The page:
In the wake of so many mega-breaches, new account fraud is easier to perpetrate than account takeovers. This puts new pressure on enterprises to know their digital customers, as well as to authenticate their identities and activities, says Shaked Vax of IBM Security.
Breach defense is a strategic business issue for most enterprises, but too many cybersecurity solutions rely more on flash than substance, says Lastline CEO Chris Kruegel. It's time to start talking about true breach defense.
An ongoing security operations center challenge is trying to get the right data to the right person at the right time. The problem is compounded by there being "too much data and not finding the right people to deal with the data," says Mischa Peters of IntSights. What can help?
Getting employees involved in data security requires explaining the benefits, such as avoiding service interruptions, says Paul Bowen of Arbor Networks, who offers insights on making security part of the daily routine.
To stop fraudsters, iovation's John Marsden wants organizations not just to ask customers to verify their personal details. He also wants organizations to take a good, hard look at the devices that alleged customers are using.
To better counter threats carried by content - email, attachments, files - Deep Secure's Simon Wiseman says organizations should investigate content threat removal, which involves extracting required data from content and discarding the rest.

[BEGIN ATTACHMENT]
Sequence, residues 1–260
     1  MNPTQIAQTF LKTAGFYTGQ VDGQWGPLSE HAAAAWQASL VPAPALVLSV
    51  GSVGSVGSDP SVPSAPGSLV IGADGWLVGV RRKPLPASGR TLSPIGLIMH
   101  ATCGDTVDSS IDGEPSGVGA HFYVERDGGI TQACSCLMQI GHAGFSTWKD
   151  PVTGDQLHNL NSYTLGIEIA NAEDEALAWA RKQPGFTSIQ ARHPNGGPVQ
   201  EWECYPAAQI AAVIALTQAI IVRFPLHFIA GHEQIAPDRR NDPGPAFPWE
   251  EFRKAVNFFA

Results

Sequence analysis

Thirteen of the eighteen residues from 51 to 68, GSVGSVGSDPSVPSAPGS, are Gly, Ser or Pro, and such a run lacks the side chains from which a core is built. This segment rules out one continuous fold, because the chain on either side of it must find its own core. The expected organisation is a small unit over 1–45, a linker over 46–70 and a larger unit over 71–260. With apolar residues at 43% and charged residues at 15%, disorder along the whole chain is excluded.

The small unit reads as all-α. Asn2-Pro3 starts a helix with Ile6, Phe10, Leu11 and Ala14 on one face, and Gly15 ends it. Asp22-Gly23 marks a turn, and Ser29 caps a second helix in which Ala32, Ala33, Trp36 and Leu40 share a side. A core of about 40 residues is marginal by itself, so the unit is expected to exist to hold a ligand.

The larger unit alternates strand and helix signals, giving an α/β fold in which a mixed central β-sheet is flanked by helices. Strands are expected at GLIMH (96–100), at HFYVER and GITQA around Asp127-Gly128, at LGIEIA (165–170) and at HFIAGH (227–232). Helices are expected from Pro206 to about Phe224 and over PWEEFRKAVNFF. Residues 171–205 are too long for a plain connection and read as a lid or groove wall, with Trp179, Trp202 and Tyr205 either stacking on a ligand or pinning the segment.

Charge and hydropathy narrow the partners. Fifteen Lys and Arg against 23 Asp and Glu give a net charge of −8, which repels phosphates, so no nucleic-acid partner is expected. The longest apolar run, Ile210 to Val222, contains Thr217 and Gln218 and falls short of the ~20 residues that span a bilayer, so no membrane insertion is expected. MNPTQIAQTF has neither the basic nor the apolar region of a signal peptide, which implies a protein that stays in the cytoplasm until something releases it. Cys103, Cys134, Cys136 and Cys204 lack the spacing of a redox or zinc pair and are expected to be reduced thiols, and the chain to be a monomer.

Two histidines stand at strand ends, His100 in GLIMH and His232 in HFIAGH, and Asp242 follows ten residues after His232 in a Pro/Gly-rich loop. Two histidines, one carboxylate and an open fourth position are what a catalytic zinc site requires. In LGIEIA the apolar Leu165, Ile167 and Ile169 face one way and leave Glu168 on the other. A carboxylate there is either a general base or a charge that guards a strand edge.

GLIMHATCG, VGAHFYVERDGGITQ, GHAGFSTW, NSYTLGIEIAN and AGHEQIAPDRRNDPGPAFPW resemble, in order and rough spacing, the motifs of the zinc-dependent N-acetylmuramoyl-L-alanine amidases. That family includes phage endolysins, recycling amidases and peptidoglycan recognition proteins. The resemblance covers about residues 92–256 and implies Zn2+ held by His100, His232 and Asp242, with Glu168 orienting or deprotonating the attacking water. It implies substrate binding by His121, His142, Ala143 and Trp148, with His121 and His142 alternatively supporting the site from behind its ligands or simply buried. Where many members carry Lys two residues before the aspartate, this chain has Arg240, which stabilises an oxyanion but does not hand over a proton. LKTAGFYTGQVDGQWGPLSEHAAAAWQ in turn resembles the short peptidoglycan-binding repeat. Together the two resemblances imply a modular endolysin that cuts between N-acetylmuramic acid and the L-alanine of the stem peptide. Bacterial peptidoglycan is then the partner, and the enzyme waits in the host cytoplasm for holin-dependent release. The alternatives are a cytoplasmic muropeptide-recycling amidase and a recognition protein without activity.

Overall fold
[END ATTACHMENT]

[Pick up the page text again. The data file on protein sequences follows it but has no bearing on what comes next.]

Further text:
Aaron Sherman, who recently made the transition from serving as an FBI agent investigating cybercrime and nation-state threats to working at Braintrace on ways to improve detection and response efforts, shares insights on the career change.
A new kind of cyberattack that targeted financial institutions in Europe and Russia to steal nearly $100 million illustrates how threats are evolving, says Brian Hussey of Trustwave, who discusses mitigation steps.
As businesses change their key strategies, they must ensure they mitigate new risks that emerge, says Chris Testa of Cybereason. This must go beyond a defense-in-depth approach to include a plan for what to do when an inevitable intrusion occurs, he says.
Stolen data is one thing - the consequences are obvious. But what if data is not stolen or leaked, but rather altered? What could be the damage? Diana Kelley of Microsoft discusses the emerging topic of data integrity and how to preserve it.